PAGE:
I have been grantwriting for my dad. I have been grantwriting while kicking and screaming. Every once in awhile, I drop my head into my hands and whine to the air around me, "Daddy, I can't do this!"
But I just keep typing.
This is a government grant and it wants rediculous, illogical things from me. It also wants the finished product to be three times longer than it currently is. If I could just write a simple case for support, I would be fine. But no, I have to jam my information into the format that the governemnt dictates. Plus, Dad's organization is an umbrella organization so the logic is harder to communicate. His organization helps the organizations that help the poor. Since he doesn't directly make the lives of the poor better, it's tougher to say how the governement's $50,000 that will go to hiring a Development Director will help the poor. I hate it.
But I just keep typing.
It’s kind of like when I was a senior in college and had to produce a 30-page research AND analysis paper on Hitchhiker’s Guide to the Galaxy and how it relates to Postmodernism. Dr. O’Gorman recognized that our brains could not contain the scope of a logical argument that large and complex. It would be impossible for us to simply start at the beginning and write through to the end. She told us just to keep typing. She said that every day, we should write at least a page of some part of the argument. We didn’t have to pick up where we left off the day before. If we wanted a day off, we should write two pages the day before. She said this was how she wrote big papers. Then, when it comes time to put the paper together, you put the little bits of argument together, fill in the gaps and write the transitions. And, what do you know? It worked. I even got an A- from the universally acknowledged “toughest grader on campus.”
So I just keep typing.
I started with the easiest section, which happened to be in the middle. Then, I wrote a little for the next section. Then, I went back and filled in a little more from the first section I worked on. Then, I tried the introduction. Little by little, bit by bit, I started fulfilling the requirements, even though they are stupid, illogical requirements.
I just emailed Dad a completed draft. I thought I would never get there. I thought it would be little incomplete bits and pieces forever. I thought my dad would wonder whose child I was, complaining about how hard and stupid it was to him, my boss. What kind of a work ethic is that?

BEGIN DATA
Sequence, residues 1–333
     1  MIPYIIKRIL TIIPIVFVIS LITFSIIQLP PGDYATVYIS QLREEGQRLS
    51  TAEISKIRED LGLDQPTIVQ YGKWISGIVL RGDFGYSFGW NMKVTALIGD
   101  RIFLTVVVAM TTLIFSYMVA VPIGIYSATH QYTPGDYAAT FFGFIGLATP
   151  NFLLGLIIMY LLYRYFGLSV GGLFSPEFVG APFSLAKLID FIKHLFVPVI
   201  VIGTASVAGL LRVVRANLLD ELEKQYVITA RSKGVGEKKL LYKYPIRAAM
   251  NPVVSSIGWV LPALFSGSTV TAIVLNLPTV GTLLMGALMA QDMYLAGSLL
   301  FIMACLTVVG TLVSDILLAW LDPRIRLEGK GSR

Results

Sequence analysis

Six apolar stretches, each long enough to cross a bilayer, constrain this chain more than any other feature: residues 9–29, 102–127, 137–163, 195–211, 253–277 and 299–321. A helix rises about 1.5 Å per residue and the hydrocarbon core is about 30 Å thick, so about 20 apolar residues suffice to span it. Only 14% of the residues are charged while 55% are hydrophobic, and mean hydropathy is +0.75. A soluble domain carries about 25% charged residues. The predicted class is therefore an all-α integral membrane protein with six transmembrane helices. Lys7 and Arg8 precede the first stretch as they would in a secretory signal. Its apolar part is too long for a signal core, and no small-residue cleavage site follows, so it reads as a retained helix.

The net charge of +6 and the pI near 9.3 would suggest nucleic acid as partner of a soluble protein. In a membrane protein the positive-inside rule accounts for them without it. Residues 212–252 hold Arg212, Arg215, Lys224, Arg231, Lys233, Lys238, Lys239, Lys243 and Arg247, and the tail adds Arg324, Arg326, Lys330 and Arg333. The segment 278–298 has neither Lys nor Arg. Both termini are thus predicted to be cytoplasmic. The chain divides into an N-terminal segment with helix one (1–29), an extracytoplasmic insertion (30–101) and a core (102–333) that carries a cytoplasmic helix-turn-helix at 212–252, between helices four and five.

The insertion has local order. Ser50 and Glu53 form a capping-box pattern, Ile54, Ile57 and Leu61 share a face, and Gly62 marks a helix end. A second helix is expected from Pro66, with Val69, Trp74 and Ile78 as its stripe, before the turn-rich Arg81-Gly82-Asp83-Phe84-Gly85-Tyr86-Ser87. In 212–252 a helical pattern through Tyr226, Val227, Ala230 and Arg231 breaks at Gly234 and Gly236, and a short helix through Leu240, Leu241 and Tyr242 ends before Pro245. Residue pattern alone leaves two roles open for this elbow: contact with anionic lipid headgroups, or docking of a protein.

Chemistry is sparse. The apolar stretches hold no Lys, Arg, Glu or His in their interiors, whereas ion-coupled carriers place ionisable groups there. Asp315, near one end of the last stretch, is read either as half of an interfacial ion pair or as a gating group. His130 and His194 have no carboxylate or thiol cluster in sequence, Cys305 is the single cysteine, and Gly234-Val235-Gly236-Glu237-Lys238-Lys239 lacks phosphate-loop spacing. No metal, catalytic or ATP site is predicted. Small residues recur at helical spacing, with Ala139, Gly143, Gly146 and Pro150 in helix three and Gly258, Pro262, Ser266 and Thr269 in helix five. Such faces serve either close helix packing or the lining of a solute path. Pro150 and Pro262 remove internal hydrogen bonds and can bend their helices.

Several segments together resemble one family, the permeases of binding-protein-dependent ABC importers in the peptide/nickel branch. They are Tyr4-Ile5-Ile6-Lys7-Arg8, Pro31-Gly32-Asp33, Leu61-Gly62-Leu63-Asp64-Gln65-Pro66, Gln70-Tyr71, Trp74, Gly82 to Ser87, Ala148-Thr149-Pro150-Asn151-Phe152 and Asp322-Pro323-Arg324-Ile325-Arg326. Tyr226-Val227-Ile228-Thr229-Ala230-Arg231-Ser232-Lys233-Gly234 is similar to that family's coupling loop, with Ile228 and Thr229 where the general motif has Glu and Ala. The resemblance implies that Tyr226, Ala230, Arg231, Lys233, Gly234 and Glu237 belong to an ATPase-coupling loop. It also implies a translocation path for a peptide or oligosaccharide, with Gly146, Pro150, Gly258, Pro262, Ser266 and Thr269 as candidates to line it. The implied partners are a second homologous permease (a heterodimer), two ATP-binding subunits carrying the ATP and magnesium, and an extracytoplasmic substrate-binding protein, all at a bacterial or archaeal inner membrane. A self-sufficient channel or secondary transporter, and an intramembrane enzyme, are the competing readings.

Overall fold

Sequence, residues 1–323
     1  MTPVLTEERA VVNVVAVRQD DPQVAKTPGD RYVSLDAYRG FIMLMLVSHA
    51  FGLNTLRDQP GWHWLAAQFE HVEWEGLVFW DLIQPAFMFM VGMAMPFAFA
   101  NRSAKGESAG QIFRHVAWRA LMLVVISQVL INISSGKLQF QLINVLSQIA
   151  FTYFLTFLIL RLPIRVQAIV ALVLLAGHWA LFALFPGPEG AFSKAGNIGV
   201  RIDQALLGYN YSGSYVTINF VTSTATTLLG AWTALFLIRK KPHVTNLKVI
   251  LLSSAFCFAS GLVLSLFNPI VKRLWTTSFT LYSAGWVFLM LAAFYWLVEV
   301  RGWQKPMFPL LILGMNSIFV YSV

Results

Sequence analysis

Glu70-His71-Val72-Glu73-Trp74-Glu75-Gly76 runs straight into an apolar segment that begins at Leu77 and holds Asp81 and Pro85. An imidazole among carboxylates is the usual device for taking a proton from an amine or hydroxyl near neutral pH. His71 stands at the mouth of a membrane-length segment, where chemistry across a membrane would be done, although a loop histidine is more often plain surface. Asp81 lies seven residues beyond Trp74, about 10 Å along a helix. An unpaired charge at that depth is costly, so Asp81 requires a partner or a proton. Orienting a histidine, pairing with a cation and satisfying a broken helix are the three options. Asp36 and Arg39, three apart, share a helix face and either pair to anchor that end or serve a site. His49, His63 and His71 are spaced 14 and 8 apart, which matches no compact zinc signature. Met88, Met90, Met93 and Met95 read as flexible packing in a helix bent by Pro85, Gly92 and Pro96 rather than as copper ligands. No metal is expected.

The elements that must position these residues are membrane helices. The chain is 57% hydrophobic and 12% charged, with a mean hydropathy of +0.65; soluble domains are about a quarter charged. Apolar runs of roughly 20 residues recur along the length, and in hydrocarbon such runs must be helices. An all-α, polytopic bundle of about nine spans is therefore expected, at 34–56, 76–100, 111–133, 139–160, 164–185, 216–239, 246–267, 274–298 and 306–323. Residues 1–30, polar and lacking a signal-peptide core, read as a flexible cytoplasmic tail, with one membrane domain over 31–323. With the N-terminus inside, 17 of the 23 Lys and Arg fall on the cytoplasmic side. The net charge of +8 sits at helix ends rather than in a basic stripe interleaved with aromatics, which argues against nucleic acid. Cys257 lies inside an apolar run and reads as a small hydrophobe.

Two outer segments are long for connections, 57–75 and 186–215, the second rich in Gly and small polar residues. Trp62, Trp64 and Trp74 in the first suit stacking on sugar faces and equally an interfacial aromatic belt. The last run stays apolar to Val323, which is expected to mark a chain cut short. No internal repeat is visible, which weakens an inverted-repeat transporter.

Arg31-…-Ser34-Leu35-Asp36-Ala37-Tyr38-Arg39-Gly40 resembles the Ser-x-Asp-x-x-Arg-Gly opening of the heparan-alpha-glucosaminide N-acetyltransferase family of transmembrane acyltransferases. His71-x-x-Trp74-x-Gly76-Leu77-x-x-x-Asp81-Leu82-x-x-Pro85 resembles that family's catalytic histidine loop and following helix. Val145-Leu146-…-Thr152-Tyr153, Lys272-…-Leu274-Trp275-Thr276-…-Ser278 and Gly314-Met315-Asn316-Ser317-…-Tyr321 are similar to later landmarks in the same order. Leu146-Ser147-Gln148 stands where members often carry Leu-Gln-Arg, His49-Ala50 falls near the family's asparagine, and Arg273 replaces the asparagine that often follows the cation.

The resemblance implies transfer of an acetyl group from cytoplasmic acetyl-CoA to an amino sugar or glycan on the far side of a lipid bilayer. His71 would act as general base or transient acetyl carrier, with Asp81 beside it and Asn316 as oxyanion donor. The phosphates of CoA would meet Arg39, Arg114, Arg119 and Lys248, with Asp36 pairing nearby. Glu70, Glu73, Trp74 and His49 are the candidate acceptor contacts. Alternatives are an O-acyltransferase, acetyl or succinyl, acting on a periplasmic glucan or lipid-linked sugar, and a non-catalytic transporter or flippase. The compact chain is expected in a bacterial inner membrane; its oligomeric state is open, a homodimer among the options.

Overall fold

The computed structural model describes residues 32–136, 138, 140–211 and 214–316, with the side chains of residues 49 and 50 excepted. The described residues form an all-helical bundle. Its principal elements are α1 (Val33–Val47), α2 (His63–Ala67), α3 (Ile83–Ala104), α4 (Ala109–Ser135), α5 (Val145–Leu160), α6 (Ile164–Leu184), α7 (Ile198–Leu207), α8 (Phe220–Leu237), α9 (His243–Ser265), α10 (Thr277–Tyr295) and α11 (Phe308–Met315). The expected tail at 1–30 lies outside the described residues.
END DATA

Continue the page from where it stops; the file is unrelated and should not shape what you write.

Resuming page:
But he told to just keep typing.
I don’t have to produce the final draft. I just have to give him something to work with. I kept typing because he has so many other aspects of this grant to keep track of. All I had to do was write the narrative. I couldn’t abandon him to that, too. So, I wrote the narrative. I keep telling him it’s not very good. He may secretly agree with me, but he’ll never admit it. That’s not his style. He’ll tell me what he likes about a section and suggest some directions that I can go with it to flesh it out. We have a pretty good editor/writer relationship. I won’t make him write the final draft. His suggestions won’t be that hard to implement and I’ll end up just doing it to create a second draft, even though I’ll protest that it’s not very good and that his suggestions are what give it any value at all. He’ll add a couple of things to the second draft and I’ll end up discussing them with him and thinking of a few changes of my own. We’ll go back and forth and all of a sudden, we’ll have a final draft to send to Uncle Sam.
Because I just kept typing.
When I write a book like Anne Lamott’s and Don Miller’s books someday, I’ll take this essay and use this situation as a metaphor for something larger, probably God’s love and his plan for my life. I worry, though, that you, my audience, get bored with big idea essays like that. Plus, they take longer to write than simply relating events that happen. I want to keep the blogs coming so that you will keep coming back. Making them into thoughtful essays slows down the process. You wouldn’t believe how many thoughtful essays I have made notes for but have never gotten around to writing. So, here is my story about hating grantwriting. I’m learning so much from my dad about effective fundraising. It’s a skill I have potential to develop and I am developing that skill totally against my will. It’s not at all like singing. I think I am also learning that grantwriting is not the path for me. I hate it. I’m sure that means that I’ll be pulled into doing it for the rest of my life, like when people find out that you make good potato salad and pressure you to bring it to every picnic ever held. Ugh.
celebrating kathreen ricketson - Ann and Kay over at Mason Dixon Knitting have come up with a great way to celebrate Kathreen's life this long weekend by suggesting we spend time looking at ...